In this paper, we study the linear flexural oscillations of a cantilever beam undergoing chord-wise shape-morphing deformation in a quiescent, Newtonian, viscous fluid. The shape-morphing deformation is prescribed for the beam cross section to an arc of a circle by specifying a periodic maximum curvature continuously along the axis of the structure. This particular strategy is investigated as a possible way to manipulate fluid-structure interaction mechanisms by modifying the hydrodynamic interactions in the vicinity of the submerged structure. Since we focus on the linear vibration of the beam, the fluid flow is described using three-dimensional unsteady Stokes hydrodynamics. By solving the linear unsteady Stokes problem in the frequency domain with a Stokeslet method, we identify the effect of the proposed shape-morphing strategy on the propulsion performance by estimating thrust, lift, and hydrodynamic power dissipation for a range of prescribed deformations. We verify the results obtained from our boundary element method against results from the existing literature. Our findings show a possible improvement in propulsion characteristics and minimization of hydrodynamic power dissipation, for an optimum level of shape-morphing deformation which is aspect ratio-dependent. Results from this study can aid in designing and operating cantilever-based underwater actuation systems for which the multi-objective goal of power losses reduction and propulsion performance improvement is sought.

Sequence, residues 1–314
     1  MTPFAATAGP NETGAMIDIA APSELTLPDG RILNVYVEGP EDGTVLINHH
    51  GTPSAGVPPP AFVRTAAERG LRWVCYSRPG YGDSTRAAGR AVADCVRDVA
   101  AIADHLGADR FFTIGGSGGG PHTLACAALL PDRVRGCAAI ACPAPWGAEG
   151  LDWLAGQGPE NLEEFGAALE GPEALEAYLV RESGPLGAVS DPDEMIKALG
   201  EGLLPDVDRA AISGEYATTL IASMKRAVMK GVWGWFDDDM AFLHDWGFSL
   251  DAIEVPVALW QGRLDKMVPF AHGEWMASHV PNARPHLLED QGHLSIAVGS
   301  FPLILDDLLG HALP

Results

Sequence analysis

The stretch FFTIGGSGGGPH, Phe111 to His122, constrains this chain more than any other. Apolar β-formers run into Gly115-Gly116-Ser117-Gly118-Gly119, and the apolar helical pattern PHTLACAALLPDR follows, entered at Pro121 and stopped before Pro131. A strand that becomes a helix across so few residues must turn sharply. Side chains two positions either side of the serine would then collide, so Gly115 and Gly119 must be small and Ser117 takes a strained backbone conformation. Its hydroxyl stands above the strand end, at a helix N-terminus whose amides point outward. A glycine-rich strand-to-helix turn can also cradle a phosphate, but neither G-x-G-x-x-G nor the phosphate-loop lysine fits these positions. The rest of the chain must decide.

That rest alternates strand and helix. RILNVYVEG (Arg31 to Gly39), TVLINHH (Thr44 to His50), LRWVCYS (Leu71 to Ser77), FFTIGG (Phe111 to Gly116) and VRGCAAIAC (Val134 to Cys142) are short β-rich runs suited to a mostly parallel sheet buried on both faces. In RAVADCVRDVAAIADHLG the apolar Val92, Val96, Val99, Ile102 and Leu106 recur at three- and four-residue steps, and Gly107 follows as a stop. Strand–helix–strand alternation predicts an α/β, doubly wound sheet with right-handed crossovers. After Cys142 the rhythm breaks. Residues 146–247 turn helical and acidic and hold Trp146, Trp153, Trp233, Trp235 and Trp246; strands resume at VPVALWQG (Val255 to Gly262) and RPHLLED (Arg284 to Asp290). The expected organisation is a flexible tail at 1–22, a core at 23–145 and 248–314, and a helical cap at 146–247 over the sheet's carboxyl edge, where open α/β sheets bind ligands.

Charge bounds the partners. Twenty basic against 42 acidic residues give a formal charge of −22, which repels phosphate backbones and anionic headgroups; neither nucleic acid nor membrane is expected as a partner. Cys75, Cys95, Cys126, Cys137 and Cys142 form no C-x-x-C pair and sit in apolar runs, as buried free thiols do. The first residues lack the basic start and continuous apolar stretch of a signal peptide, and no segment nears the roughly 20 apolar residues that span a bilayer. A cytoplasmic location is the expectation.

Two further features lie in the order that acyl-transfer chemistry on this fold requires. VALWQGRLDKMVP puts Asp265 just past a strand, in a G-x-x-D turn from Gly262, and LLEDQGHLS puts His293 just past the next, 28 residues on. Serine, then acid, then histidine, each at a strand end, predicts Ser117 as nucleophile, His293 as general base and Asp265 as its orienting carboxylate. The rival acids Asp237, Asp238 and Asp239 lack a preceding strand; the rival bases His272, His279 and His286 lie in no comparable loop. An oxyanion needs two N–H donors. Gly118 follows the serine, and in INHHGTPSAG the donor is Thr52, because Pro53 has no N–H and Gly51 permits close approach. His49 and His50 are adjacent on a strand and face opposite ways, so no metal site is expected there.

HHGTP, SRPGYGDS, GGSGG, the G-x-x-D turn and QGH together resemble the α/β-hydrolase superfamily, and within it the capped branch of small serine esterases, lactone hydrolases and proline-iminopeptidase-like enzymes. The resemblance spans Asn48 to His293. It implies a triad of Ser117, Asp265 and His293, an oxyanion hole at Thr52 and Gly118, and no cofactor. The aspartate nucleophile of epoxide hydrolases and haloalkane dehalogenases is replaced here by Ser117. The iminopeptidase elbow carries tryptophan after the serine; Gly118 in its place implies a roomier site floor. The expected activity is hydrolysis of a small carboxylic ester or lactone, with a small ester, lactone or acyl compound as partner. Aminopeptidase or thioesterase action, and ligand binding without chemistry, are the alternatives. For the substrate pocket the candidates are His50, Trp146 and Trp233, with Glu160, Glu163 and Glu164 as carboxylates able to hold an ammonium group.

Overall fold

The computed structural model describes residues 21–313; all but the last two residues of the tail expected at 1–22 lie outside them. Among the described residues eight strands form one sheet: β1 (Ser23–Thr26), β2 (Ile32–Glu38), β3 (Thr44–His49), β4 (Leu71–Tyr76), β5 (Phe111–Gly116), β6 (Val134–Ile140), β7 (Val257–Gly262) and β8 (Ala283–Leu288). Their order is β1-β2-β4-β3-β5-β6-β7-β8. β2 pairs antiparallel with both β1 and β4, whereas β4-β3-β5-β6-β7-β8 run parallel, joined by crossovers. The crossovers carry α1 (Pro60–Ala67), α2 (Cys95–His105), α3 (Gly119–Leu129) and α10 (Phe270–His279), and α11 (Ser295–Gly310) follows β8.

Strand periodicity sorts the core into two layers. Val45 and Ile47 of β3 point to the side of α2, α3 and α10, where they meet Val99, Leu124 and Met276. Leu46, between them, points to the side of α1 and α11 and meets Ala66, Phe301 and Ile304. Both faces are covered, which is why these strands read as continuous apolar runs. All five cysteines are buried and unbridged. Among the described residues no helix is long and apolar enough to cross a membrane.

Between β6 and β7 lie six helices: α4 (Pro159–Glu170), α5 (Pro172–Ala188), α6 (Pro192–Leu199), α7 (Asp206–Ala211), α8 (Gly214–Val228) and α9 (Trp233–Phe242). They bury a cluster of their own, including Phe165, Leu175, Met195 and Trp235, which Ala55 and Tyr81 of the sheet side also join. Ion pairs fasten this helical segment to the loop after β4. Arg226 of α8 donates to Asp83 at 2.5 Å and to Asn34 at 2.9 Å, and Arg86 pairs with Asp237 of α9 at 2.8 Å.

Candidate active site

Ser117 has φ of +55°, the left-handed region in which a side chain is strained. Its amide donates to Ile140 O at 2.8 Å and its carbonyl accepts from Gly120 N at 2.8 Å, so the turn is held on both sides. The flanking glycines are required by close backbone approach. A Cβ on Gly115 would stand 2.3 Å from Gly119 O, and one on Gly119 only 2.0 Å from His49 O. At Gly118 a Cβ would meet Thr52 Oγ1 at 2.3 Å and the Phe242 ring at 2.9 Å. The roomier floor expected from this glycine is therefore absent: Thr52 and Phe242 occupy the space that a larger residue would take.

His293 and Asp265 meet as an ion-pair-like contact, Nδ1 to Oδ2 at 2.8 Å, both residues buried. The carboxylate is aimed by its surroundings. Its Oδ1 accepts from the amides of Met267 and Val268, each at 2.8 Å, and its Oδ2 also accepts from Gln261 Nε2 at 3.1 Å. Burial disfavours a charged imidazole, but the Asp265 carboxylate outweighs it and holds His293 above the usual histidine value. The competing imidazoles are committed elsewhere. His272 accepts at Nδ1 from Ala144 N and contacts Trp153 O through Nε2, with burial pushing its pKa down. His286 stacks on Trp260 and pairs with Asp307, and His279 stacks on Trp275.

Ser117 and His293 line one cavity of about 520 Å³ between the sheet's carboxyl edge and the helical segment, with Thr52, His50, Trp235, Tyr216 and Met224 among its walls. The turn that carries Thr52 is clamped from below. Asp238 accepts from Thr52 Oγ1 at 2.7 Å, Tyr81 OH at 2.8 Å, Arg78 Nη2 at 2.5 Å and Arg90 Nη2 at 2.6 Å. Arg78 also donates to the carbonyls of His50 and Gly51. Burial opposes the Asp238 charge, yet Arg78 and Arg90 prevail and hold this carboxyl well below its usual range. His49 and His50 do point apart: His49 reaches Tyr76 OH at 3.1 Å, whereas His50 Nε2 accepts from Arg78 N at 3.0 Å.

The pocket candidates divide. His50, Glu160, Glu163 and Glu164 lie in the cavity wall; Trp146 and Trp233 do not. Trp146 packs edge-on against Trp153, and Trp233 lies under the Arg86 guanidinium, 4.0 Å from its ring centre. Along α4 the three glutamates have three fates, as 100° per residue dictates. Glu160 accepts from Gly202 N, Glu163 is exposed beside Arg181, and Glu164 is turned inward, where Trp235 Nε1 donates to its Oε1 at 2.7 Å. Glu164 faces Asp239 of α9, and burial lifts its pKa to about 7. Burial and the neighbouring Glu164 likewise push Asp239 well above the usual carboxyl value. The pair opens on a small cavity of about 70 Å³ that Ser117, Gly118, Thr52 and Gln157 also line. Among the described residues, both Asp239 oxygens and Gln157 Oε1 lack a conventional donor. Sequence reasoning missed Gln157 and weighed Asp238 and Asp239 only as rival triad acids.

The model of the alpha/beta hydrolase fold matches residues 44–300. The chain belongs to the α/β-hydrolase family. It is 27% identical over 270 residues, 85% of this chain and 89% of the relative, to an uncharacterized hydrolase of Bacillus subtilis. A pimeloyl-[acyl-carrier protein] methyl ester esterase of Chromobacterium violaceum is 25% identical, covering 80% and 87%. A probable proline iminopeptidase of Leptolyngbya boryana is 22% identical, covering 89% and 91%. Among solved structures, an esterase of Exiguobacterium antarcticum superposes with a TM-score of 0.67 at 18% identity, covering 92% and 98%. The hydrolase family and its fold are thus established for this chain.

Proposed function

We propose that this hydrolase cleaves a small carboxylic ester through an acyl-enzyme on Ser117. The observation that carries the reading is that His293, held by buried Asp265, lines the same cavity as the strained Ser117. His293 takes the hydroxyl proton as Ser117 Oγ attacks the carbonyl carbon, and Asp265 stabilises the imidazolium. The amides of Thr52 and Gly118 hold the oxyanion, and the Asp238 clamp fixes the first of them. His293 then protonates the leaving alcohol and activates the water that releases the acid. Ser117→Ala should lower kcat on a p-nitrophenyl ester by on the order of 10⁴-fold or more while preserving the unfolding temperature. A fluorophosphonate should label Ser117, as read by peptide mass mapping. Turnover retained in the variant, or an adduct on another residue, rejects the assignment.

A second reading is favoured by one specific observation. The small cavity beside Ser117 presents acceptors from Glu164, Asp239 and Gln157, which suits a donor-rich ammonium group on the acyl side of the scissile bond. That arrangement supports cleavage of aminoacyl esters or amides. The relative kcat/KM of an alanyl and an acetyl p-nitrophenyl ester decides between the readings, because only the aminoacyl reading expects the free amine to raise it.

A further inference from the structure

- Dynamic Systems and Control Division
Three-Dimensional Analysis of Shape-Morphing Cantilever Oscillations in Viscous Fluids
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Ahsan, SN, & Aureli, M. "Three-Dimensional Analysis of Shape-Morphing Cantilever Oscillations in Viscous Fluids." Proceedings of the ASME 2017 Dynamic Systems and Control Conference. Volume 3: Vibration in Mechanical Systems; Modeling and Validation; Dynamic Systems and Control Education; Vibrations and Control of Systems; Modeling and Estimation for Vehicle Safety and Integrity; Modeling and Control of IC Engines and Aftertreatment Systems; Unmanned Aerial Vehicles (UAVs) and Their Applications; Dynamics and Control of Renewable Energy Systems; Energy Harvesting; Control of Smart Buildings and Microgrids; Energy Systems. Tysons, Virginia, USA. October 11–13, 2017. V003T22A005. ASME. https://doi.org/10.1115/DSCC2017-5402
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